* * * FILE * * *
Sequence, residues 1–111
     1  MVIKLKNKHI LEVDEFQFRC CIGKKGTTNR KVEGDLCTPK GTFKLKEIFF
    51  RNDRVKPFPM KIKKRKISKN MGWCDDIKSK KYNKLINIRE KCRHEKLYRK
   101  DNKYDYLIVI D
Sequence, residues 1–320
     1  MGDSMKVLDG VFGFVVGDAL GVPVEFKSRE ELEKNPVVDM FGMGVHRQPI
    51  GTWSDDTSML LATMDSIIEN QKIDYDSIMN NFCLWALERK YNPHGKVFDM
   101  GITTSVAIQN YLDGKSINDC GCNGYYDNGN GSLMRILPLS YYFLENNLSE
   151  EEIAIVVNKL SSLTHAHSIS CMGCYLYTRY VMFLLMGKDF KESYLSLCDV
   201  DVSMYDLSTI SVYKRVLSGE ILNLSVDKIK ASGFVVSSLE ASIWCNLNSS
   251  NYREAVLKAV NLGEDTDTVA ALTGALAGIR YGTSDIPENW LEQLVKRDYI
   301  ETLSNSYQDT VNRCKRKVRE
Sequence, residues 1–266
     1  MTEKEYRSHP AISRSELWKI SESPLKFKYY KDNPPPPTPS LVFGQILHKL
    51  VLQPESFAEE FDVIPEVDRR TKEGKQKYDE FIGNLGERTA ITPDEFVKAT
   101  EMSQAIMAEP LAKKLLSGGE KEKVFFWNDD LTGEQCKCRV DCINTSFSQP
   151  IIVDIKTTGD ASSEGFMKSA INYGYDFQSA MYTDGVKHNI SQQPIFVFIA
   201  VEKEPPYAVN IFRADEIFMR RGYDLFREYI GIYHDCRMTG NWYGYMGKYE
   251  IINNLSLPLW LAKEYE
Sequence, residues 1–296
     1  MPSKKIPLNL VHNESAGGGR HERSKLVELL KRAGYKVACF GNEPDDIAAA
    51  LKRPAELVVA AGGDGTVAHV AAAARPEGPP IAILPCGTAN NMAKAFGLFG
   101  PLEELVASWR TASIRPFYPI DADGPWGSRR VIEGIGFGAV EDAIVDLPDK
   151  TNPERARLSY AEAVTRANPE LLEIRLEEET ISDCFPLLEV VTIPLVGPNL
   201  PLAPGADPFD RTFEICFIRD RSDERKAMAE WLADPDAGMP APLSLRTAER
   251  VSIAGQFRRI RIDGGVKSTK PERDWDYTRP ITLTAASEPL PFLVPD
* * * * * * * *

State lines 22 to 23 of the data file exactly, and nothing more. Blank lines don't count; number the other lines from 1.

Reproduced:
    51  LKRPAELVVA AGGDGTVAHV AAAARPEGPP IAILPCGTAN NMAKAFGLFG
   101  PLEELVASWR TASIRPFYPI DADGPWGSRR VIEGIGFGAV EDAIVDLPDK